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How to Avoid Fake Remote Jobs

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While remote work has always been a thing, advances in technology coupled with societal changes that came out of the 2020 coronavirus pandemic have made it more common than ever. While there are obvious benefits to working remotely and great opportunities out there, there are also a lot of scams.

If a large company like Meta, Google, or Microsoft is advertising the job, it probably has its internal job board and recruitment site. While they headhunt for specific, most available positions, go to people who apply. So if you’ve applied for a remote job on Google’s official site, received an interview offer through a legitimate email address, and gone through the company’s process — congratulations, the job is legit. At the other end of the spectrum are those job opportunities bots post on social media sites. You could earn up to $500 an hour working from home! Except you couldn’t, those are obviously shifty. But what about the job opportunities in between? Can a legitimate-looking offer be a scam, and what do you have to lose if it all goes wrong?

What is at Risk?

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In most states and countries, you’re free to walk away if a job doesn’t suit you. So, aside from time, what do you have to lose if a remote job isn’t legit? Well, you could lose a lot. For starters, onboarding involves a lot of paperwork, and that paperwork will have your name, date of birth, phone number, social security number, and bank details on it. You shouldn’t let this private information you shouldn’t let fall into the wrong hands.

Then there’s the possibility of a scammer asking for some kind of fee in order to set the job up. This could be a “recruiter” asking for a finders fee, a company asking for an “administrative fee” to cover your onboarding or any other excuse that will get you to cut a check. It’s also a massive sign the job isn’t legit, and there is a good chance any money you send will be gone for good. You could also be coaxed into installing malicious software, which could damage your computer or harvest personal information.

Some offers are from “legitimate” companies but are not worth your time. While there is a federal minimum wage, many remote opportunities are contract work which can get around that. You’re not being employed by the hour; you’re being offered a fee to complete a task. You get a set amount of money when the task is complete. However, if you’re being offered $200 for something that will take you 500 hours, you’ll be far better off with a minimum wage job.

If it Seems Too Good to be True…

"Free money" on top of a trap
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When you’re out of work and the savings are dwindling, you’ll likely be applying to more jobs than you can keep track of. So when an opportunity in your field with great benefits and a generous salary lands in your inbox, it may be easy to convince yourself you applied for it. While it could be legit, you should still be vigilant unless you remember applying for the job. Companies like Indeed have an option of making your resume visible to prospective employers, and this can also make things like your contact details visible to bad actors. So you might receive a message with a job offer attached and convince yourself it’s something you applied for.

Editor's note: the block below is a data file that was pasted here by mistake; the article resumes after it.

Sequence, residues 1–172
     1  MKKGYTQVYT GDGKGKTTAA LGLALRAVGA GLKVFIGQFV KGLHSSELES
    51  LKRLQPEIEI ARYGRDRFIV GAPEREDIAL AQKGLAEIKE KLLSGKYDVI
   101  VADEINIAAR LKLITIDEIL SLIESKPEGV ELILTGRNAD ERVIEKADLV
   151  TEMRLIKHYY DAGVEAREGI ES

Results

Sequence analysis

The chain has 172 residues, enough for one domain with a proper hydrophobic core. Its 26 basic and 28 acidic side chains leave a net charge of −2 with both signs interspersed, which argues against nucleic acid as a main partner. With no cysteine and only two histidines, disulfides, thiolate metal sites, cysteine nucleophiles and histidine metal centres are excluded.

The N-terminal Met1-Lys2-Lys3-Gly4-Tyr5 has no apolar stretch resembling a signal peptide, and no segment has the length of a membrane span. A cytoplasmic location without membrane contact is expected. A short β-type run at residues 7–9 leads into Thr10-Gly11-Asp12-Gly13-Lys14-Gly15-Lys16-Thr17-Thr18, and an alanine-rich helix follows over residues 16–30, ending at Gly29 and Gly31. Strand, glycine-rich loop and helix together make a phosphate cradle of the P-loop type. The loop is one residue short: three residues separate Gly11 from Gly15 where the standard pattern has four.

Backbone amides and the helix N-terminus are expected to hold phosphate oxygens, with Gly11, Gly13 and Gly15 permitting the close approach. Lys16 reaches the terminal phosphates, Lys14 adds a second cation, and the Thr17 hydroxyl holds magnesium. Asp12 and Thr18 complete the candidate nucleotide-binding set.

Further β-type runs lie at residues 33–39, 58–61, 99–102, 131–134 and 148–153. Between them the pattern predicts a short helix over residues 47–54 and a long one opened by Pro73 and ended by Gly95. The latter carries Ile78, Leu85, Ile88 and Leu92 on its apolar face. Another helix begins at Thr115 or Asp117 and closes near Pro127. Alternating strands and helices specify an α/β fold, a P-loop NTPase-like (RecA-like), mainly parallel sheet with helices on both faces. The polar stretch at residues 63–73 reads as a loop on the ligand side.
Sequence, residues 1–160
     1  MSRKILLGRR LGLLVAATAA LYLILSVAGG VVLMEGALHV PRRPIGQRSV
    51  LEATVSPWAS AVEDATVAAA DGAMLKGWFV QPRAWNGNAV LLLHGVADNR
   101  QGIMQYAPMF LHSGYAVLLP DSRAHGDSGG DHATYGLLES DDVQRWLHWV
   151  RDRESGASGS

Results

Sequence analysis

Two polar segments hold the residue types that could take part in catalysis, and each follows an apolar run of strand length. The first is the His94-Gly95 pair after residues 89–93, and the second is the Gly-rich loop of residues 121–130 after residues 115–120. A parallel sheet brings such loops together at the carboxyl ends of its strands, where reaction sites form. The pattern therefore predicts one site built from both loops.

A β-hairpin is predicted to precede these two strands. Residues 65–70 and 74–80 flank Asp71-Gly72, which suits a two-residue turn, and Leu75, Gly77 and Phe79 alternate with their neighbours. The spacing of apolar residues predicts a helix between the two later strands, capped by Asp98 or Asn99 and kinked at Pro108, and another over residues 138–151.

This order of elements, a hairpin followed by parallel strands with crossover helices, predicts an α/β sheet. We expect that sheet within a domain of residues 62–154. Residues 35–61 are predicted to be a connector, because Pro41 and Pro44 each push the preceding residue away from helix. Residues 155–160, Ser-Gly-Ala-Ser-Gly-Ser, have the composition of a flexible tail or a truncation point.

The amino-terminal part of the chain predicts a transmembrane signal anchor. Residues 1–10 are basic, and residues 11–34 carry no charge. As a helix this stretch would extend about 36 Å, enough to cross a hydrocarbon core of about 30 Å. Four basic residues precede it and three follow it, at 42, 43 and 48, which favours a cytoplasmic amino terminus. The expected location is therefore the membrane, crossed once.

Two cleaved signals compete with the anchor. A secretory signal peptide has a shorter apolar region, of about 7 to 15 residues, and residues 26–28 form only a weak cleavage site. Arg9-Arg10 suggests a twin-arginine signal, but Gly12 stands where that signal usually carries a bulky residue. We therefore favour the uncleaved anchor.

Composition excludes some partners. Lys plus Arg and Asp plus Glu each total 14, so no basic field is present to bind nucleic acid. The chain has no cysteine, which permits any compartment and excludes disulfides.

In my 13 years of freelancing, I have never had a legitimate job offer come knocking via WhatsApp or any other messaging service. The proposals themselves, while still being somewhat plausible, will be very tempting. I played along with a few without wasting too much of my time and had hourly rates around double the average, along with perks like a free MacBook dangled in front of me. Our Editor-in-Chief catfished a scam recruited and ended up with requests as outlandish as mailing a $1,449 iPhone to the scammers.

While golden opportunities may exist, everything from the contact method to the level of grammar the recruiting agent possesses should raise your suspicions. Other red flags include an immediate job offer,

So what’s the scam? Well, there are a few things that could happen. However good a company looks, never pay them for the opportunity to start working for them. Major tech companies don’t expect you to pay a subscription or finder’s fee to do admin work or code for them. Then there’s the possibility of installing malicious software on your PC, which could be used to hijack a bank or credit card account. There were even a few cheeky chaps using other people’s hardware to mine Bitcoin before the cryptocurrency crashed. So always stay vigilant and keep track of where you have applied.